Lens Review: Sigma 24-60mm F2.8 EX DG

This Sigma lens came out around 2004 as a reasonably priced higher-end zoom lens specifically designed for digital SLR cameras. It has a maximum aperture of f2.8 throughout the entire zoom range, which is its claim to fame to being considered a higher-end lens. The reason it was lower priced probably had something to do with the unusual zoom range, 24mm being 6mm short of most standard kit zoom lens ranges (18-55mm). The barrel material is standard EX fair, which is either a love or hate thing for users. I personally am not too fond of Sigma’s textured paint on plastic that they use. I bought this lens many years ago and just recently traded it in to help pay for a new camera body. My justification was that I rarely use it as I prefer prime lenses in the focal lengths it covers.

Technical specifications for the lens:
Lens Mount: K-mount
Lens Construction: 15 groups, 16 elements
Angle of View: 84.1 – 39.6 degrees
Aperture: f2.8 constant
Number of Diaphragm Blades: 9
Minimum Aperture: f22
Minimum Focusing Distance: 38 cm /14.9 in
Filter Diameter: 77mm
Maximum Magnification: 1:5.8
83.6 mm x 84.5 mm
3.29 in x 3.32 in
110 mm / 4.3 in extended barrel
Weight: 555 grams (19.5 oz)
Case: cube case
Objective Cap: 77mm clip on
Hood: 77mm plastic flower pedal type
Lens Aperture Ring: none
Tripod Adapter: none
Diaphragm Control: in camera only
Focal Length: 24-60mm
Notes: DG should provide more frame filling ability than DC lenses from Sigma. Screw-drive auto-focus is being used.

General talk about the lens and its features:
The primary draw for this lens is that it has a reasonably large aperture that is constant throughout the 24-60mm zoom range. That means whatever focal length you are at, you will have f2.8 available to gather more light and/or have smaller depth of field. As stated before, the range of 24-60mm is a bit odd in that the standard is to generally have wider angle in a short zoom lens like this. People generally buy lenses like this to replace their low-end kit lens, but this lens deviates from that goal. It’s still manageable, but not ideal in wide angle ability. The lens would either be considered large or small depending on what you are use to. A Pentax 18-55mm kit lens is considerably smaller, yet this lens isn’t massive considering its wide aperture. Built quality wise, the exterior is plastic that is painted with a special textured matte black paint. The positive of this paint is that it is very good at not reflecting light and also provides decent grip. The negative is that it is difficult to clean and can flake off easier than other types of paint. Longevity is questionable depending on how tough you are on your lenses, but the surface paint isn’t vital to functionality meaning it is just up to personal preference. This lens was not designed to be used for manual focus, so the focus-throw is short and the focus ring is cheap feeling when being rotated. The focus ring does not have anything like Pentax’s quick-shift mechanism, so to use manual focus you must change the camera body’s setting to disengage the screw-drive focus. The zoom ring fares better as it is large and pretty smooth when rotating. The notched rubber on the manual focus and zoom rings is harder and slicker in feel than the barrel material, which is a bit of an odd choice. One nice little feature of this lens is that it includes a lock that prevents the lens barrel from accidentally extending when not in use. Lastly, the lens comes with a very nice case and decent lens hood to help prevent flare.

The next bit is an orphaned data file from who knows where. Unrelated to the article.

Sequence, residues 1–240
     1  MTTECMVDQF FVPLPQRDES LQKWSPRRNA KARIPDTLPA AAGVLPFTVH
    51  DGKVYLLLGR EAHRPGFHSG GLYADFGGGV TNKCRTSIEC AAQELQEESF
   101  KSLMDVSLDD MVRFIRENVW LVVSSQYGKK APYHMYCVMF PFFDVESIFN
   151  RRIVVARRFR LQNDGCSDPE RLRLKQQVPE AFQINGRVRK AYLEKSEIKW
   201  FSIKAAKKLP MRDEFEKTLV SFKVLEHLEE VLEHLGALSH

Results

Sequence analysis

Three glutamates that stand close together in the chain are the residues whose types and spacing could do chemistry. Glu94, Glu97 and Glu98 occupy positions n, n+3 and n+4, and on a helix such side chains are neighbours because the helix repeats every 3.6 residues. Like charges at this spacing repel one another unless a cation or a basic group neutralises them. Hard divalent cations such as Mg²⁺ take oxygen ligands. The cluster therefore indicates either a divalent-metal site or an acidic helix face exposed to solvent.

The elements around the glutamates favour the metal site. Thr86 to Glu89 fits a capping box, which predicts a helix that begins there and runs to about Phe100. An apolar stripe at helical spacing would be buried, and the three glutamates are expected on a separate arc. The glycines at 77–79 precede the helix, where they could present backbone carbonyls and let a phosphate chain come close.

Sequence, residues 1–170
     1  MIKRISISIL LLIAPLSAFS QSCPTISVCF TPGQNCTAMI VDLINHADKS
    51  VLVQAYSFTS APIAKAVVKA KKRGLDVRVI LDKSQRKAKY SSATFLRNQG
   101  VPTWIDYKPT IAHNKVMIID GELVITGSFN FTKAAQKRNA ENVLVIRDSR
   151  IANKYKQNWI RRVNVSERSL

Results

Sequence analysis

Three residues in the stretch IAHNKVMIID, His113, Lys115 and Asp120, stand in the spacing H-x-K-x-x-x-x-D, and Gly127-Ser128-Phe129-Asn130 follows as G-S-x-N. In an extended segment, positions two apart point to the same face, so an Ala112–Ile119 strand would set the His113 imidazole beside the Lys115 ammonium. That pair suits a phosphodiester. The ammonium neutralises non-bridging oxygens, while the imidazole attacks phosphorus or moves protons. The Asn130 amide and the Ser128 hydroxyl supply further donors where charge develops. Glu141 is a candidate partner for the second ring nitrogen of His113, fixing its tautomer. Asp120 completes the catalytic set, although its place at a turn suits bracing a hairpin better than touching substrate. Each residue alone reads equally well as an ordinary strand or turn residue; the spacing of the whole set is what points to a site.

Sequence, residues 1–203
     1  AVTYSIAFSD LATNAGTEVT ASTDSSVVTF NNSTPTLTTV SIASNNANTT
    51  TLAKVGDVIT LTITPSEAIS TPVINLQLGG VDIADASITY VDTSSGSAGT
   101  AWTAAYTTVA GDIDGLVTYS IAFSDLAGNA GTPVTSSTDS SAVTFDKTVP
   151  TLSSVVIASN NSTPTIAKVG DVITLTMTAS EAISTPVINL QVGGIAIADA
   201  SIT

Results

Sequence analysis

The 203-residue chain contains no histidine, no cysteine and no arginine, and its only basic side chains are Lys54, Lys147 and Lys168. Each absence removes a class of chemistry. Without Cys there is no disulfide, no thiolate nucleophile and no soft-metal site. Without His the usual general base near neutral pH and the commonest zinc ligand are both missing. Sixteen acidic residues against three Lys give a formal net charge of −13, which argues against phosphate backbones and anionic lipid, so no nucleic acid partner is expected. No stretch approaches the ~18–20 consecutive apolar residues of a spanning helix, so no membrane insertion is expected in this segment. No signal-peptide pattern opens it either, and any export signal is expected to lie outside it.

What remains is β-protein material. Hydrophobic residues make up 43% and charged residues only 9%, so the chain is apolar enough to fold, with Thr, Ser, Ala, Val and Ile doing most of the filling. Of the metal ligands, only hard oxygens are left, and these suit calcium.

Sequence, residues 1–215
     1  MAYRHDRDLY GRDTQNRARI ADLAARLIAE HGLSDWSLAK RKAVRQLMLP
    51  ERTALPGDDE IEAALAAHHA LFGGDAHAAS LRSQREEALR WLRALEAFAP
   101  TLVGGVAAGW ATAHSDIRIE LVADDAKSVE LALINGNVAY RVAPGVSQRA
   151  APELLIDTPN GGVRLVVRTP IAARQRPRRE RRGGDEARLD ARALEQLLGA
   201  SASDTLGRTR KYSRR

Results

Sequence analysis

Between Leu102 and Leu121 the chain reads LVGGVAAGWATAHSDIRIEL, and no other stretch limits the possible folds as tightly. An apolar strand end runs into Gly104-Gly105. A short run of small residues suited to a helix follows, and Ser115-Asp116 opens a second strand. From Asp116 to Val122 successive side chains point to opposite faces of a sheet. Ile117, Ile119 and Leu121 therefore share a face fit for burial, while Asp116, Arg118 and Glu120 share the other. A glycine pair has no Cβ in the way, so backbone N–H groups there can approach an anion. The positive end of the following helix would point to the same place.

The lens is soft at f2.8, but sharp at MTF (around f5.6) at 24mm wide angle. The lens doesn’t fare as well at 60mm, but the same to a lesser degree. It also suffers from aberrations at 24mm, but they are pretty much non-existent at 60mm. While I didn’t do any tests half way through the zoom range, I would expect performance to be between the two extremes if not a little toward being the optimal focal length range to get the best results.

What I like about the lens:
– Nice wide aperture lens allows it to be effective in many situations.
– Sharp when set to the optimal aperture size and toward the wide angle (MTF, around f5.6).
– While I’m a bit critical of Sigma’s EX build quality (no idea what their newer lenses are like…), It is nice for the most part. I remember being impressed back when my experience mostly consisted of kit lenses. It is solid and should last a long time compared to the basic plastic stuff.
– Provides the convenience of a standard zoom lens.

What Iā€™m not too fond of:
– The lens isn’t very strong at f2.8 compared to smaller apertures.
– It is pretty big and heavy for a standard lens if you are use to kit lenses.
– Not very wide angle.
– Build quality isn’t even close to the metal Pentax lenses.

Images with a bit of analysis:

Color fringing aberrations are very evident at 24mm:
The lens has strong center sharpness around f5.6:

A few additional images:

This lens is not available new anymore, but can still be bought used occasionally. Depending on the price, I’d say it’s a strong performer as long as you try to stay within the sweet spot aperture and toward the middle of the zoom. Outside of that range, it’s serviceable and will most likely still provide higher quality results than most kit lenses. The constant aperture is its biggest selling point, but overall build quality and optics help complete the package. Not much else to say, but if the price is right and you want something better than standard cheap throw-away kit lenses, this might be the ticket.

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